Baseball in Kansas City dates back to the Union Association days of the late 19th century. The Kansas City Cowboys played one season in 1884 before dissolving in 1885 and reappearing in the National League in 1886. They survived just a year, and baseball in KC went on hiatus until the Federal League popped up in 1914 and the Covington Packers moved in from Kentucky to become the Kansas City Packers. They only played two seasons, 1914-1915, as the Federal League failed to compete with the National and American Leagues and folded up shop.
By this time, the early seeds for what would eventually become the Negro Leagues were organizing themselves. On February 14, 1920, Rube Foster and other all-black team owners met in Kansas City to form the Negro National League and its governing body, the National Association of Colored Professional Base Ball Clubs.
The league rolled out with eight official teams: Chicago American Giants, Chicago Giants, Cuban Stars, Dayton Marcos, Detroit Stars, Indianapolis ABC’s, St. Louis Giants and the Kansas City Monarchs, who would become the longest continuous franchise in Negro League history.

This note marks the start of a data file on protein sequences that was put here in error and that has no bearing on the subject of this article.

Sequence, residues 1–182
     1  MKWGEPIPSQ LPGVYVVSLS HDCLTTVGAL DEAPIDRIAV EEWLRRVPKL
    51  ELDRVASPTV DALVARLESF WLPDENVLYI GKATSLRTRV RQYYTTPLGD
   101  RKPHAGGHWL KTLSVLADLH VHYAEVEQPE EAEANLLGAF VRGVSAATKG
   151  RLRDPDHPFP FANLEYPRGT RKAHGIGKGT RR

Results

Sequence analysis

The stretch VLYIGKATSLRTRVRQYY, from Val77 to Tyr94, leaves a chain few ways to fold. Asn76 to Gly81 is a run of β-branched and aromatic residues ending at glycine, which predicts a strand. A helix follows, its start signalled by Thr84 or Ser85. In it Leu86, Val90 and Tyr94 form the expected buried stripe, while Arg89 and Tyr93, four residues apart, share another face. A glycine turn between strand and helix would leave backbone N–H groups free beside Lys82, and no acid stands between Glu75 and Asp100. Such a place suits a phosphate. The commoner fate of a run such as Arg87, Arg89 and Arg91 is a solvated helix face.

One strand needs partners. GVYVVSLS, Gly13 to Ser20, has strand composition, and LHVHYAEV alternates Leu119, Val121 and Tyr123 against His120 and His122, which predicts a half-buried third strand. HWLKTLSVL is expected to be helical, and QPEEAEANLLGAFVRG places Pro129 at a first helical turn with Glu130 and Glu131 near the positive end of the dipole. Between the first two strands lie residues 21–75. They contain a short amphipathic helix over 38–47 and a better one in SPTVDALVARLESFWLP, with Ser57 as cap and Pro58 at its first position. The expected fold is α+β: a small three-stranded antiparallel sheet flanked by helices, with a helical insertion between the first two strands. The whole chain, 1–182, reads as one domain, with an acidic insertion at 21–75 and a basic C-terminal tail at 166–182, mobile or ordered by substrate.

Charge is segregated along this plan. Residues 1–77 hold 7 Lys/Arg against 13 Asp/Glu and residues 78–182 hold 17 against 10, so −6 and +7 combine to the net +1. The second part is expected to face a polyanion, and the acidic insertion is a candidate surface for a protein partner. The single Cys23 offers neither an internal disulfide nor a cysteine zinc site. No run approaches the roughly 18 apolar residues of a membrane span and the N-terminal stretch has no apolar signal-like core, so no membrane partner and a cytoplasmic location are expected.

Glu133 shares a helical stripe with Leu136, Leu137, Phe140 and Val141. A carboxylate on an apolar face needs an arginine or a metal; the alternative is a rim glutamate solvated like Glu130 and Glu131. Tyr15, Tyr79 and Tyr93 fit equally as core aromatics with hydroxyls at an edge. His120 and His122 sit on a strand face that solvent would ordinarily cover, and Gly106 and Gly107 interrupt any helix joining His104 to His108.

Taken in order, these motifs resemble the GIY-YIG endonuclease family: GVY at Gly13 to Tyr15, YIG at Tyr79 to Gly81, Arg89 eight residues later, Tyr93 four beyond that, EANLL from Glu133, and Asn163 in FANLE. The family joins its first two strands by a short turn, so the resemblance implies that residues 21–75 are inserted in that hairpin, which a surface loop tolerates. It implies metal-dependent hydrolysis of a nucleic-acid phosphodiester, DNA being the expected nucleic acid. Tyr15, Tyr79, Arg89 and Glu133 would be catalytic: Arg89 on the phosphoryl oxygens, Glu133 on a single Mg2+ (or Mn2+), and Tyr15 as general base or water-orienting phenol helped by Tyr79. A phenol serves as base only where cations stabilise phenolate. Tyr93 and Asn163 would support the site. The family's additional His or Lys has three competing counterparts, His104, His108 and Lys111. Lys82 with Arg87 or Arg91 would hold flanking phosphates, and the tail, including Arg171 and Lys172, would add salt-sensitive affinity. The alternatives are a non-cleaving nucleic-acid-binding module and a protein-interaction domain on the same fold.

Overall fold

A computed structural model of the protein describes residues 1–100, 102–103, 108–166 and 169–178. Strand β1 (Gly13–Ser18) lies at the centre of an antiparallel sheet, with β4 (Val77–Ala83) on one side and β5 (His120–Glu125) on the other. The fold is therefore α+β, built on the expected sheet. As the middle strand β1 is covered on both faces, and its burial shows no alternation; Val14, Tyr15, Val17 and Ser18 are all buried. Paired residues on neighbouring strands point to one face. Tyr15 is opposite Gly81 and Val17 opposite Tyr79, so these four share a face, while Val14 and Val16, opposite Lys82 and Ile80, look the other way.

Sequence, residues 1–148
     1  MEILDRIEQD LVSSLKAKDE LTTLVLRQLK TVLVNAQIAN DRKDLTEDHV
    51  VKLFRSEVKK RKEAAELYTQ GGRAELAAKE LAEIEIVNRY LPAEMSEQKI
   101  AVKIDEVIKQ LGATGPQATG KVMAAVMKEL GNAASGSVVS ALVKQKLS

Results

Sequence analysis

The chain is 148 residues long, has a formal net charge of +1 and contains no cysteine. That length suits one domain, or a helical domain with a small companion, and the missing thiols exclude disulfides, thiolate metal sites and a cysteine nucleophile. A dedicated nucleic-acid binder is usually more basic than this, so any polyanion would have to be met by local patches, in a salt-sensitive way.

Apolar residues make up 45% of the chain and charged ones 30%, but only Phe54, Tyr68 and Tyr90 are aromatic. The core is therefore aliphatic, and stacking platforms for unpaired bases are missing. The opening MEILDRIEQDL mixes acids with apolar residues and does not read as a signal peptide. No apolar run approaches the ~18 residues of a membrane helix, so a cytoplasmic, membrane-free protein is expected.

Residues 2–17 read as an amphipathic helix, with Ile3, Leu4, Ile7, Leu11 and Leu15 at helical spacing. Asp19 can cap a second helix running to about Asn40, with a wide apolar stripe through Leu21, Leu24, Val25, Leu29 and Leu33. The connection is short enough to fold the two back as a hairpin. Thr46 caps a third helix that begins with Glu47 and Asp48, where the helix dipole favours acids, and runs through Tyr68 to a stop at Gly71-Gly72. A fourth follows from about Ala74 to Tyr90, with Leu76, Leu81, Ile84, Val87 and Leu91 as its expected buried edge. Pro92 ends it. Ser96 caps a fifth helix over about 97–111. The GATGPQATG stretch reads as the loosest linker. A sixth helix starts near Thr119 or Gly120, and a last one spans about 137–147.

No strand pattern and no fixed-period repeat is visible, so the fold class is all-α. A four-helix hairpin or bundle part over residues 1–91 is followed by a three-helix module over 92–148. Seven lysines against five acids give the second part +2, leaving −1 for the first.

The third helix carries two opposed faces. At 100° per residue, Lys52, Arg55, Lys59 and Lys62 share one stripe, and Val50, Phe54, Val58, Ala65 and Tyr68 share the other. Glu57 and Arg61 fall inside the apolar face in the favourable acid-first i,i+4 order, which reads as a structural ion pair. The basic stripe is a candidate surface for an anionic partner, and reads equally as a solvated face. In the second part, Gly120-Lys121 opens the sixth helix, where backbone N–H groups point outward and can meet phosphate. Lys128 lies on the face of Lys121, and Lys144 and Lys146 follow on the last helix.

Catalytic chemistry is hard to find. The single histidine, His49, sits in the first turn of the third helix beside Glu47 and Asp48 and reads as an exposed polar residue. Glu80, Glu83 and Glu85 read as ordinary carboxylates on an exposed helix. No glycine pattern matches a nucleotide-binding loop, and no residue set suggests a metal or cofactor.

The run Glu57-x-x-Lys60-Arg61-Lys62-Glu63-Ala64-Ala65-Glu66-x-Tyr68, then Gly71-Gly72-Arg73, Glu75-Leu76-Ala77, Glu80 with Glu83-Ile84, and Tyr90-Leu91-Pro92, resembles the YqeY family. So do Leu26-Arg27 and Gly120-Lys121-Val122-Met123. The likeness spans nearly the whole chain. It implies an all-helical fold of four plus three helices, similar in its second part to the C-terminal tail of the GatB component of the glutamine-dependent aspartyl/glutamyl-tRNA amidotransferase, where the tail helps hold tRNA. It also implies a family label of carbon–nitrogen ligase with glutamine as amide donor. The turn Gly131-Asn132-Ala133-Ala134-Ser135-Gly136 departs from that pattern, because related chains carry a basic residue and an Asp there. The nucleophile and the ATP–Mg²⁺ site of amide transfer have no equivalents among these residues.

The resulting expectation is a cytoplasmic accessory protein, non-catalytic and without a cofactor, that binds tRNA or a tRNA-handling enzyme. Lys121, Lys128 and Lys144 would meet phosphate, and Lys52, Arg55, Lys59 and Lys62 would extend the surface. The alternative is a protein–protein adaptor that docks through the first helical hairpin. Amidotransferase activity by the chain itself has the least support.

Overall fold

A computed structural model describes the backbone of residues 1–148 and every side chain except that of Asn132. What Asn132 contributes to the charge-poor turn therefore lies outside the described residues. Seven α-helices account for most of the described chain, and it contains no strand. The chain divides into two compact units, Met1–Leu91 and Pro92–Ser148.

Major League Baseball eventually came back to Kansas City after integration and the eventual dissolution of the Negro Leagues. The Philadelphia Athletics moved west to Kansas City for 13 (mostly bad) seasons. They moved west again to their latest resting spot in Oakland, but, in their wake, they left behind the Kansas City Royals.
Kauffman Stadium is a gorgeous stadium in the middle of nowhere. Our seats were behind home plate in the 400 section which gave us a tremendous view of the park, the highway and that Denny’s off in the distance.
KC hosted the All-Star Game in 2012, which led to an expanded concourse topped with extra amenities. They have a Royals Hall of Fame behind left field that I fully recommend to people who want to better understand baseball history.
Jared noted that Kauffman is like the scrappy player that does well because he tries really, really hard but ultimately falls short of being an All-Star. I think that description is apt. Kauffman does a lot of things well; their video screen provides good information, even if it is a bit much overall. There isn’t an awful seat in the house, but there isn’t anything decidedly Kansas City about the backdrop.
It could be anywhere else in the nation and people wouldn’t know the difference.
We build lots of statues as a society. It’s human nature to want to be remembered by history so that our legacy never truly dies. P.K. Wrigley lives on through Wrigley Field, which is not a statue but the principle remains the same.